Scotland to Presume Consent for Organ Donation with “Soft Opt-Out” Law
Scottish lawmakers announced last week that the government will introduce a “soft opt-out” system for organ donation. The system, which has raised medical ethics questions in other countries, presumes consent unless an individual has opted-out of donations before their death.
“We have made a transforming decision in Scottish politics,” said Anne McTaggart, a lawmaker in the previous Parliament who initially presented the “opt-out” bill.
This system is an attempt to increase the number of life-saving organ donations. The nation has recently invested heavily in donation campaigns, consultations, and petitions. Last year alone, a record-breaking number of people who were waiting for a transplant received an organ they needed, according to NHS Blood and Transplant.
The new law is trying to build on this growth. Previously, adults willing to donate had to “opt-in” and then hold on to a donor card. Now, all adults will be placed on the donor list unless they have officially stated their wish to not donate. However, family members will get the last say. If they don’t want to go ahead with their loved one’s donation, their wishes will be respected.
Public Health Minister Aileen Campbell said “we should not forget that organ donation is a gift, which can only occur as a result of tragic circumstances.”
Though many countries, such as Germany or the United States, still prefer an explicit consent system, Scotland isn’t alone in passing a presumed consent law. In fact, “opt-out” policies are gaining ground in Europe and South America as the need for transplants increases.
France implemented the system in January. Spain has had a comparable policy in place for 25 years and has become the world leader for organ donations with about 43.4 organ donors per million inhabitants. This compares to the United States’ 28.2 donors per million inhabitants in 2015.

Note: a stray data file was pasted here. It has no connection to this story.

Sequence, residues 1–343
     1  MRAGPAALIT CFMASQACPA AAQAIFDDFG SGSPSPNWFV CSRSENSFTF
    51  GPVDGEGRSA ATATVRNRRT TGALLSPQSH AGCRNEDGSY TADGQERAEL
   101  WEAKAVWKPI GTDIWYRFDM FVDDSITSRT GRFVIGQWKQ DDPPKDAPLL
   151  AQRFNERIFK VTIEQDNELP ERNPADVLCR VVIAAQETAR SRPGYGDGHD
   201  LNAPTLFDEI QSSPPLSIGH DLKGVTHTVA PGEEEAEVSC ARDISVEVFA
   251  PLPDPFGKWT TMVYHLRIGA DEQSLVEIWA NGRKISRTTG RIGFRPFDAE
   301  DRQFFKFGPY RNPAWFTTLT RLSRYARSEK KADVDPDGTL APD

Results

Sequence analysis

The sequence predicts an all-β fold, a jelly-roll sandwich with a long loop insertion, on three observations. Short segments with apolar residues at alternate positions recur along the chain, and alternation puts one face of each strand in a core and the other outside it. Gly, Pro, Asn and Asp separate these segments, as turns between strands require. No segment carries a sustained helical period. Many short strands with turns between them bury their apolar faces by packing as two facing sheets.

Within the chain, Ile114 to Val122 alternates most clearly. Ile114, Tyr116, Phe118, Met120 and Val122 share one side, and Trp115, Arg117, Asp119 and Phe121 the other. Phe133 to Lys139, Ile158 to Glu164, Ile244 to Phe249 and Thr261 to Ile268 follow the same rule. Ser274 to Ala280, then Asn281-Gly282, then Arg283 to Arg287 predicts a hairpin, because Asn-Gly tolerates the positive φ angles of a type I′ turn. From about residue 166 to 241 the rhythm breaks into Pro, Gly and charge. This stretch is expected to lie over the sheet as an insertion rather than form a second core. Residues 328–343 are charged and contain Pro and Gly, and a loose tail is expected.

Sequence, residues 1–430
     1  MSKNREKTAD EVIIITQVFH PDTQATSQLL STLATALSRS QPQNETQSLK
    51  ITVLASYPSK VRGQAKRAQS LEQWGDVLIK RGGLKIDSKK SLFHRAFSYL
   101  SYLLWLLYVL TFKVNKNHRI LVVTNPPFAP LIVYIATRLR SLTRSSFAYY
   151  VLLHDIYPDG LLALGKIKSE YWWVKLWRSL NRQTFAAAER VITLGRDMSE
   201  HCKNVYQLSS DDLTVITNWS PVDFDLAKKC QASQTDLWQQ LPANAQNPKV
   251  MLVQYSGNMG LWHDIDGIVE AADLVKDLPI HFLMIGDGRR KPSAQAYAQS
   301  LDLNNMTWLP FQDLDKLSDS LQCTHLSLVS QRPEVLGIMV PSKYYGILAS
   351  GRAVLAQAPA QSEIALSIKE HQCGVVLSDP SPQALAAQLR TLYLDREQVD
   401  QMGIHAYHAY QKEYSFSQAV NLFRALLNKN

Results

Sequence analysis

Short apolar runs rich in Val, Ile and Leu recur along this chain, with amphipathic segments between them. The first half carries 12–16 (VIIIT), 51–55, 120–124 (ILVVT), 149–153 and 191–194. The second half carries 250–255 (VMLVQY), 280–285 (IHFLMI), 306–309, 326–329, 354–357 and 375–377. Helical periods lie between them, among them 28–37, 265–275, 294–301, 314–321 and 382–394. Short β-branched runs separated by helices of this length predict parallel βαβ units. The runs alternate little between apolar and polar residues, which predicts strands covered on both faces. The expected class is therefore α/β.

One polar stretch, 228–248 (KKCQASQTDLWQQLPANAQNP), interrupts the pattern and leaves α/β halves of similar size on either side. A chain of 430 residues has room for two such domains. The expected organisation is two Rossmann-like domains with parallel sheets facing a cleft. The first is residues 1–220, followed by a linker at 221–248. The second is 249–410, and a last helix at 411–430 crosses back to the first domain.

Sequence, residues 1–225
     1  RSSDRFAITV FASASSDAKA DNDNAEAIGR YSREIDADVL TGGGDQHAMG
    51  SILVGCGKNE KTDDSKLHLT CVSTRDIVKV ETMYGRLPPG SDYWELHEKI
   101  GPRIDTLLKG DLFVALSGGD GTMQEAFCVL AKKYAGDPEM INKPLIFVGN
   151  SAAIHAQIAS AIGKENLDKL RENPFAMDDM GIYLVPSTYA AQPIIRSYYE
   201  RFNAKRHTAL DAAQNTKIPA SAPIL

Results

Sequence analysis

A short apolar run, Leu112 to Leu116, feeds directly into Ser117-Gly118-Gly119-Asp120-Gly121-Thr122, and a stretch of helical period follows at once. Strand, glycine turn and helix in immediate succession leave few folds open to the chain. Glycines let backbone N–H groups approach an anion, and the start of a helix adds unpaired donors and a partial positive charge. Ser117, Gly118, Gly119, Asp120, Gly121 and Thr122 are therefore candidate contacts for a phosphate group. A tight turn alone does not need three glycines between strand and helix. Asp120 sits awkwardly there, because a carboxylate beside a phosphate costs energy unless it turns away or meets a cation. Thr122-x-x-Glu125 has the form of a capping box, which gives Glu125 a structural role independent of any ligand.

In the United Kingdom, Wales also debuted a soft “opt-out” policy in 2013, which inspired Ireland and some U.S. states to consider making the jump.
Last Friday, Theresa May announced that the government will also closely monitor how transplant numbers evolve in Wales and Scotland to assess whether the rest of the Kingdom should adopt this law.
“Organ donation hit a record high last year here and we obviously want that to continue and continue to rise,” a Downing Street spokesperson said.
Mixed reactions to the law
Although the bill was passed after 82 percent of a public consultation agreed to the “opt-out” system, some are resistant or see flaws in the policy.
“The State does not have a right to anyone’s organs. Even a so called soft opt-out system ruins the nature of organ donation as an altruistic gift,” said Dr Gordon Macdonald from CARE Scotland, a Christian action group.
Dr Calum MacKellar, of the Scottish Council on Human Bioethics (SCHB) believes the system creates a “very significant risk for serious mistakes,” with no guarantee that a deceased’s wishes are followed and a risk for public confidence to be undermined, thereby impacting overall donation levels.
Yet, many Scots are optimistic that this system will bring about much needed help to some of the roughly 500 people waiting for an organ.
“We believe that genuine choice over organ donation can be facilitated through a soft opt-out system,” said Peter Bennie, chair of British Medical Association for Scotland. “If properly implemented, with adequate resources and staff, and backed up by a high-profile campaign, an opt-out system could save or transform people’s lives.”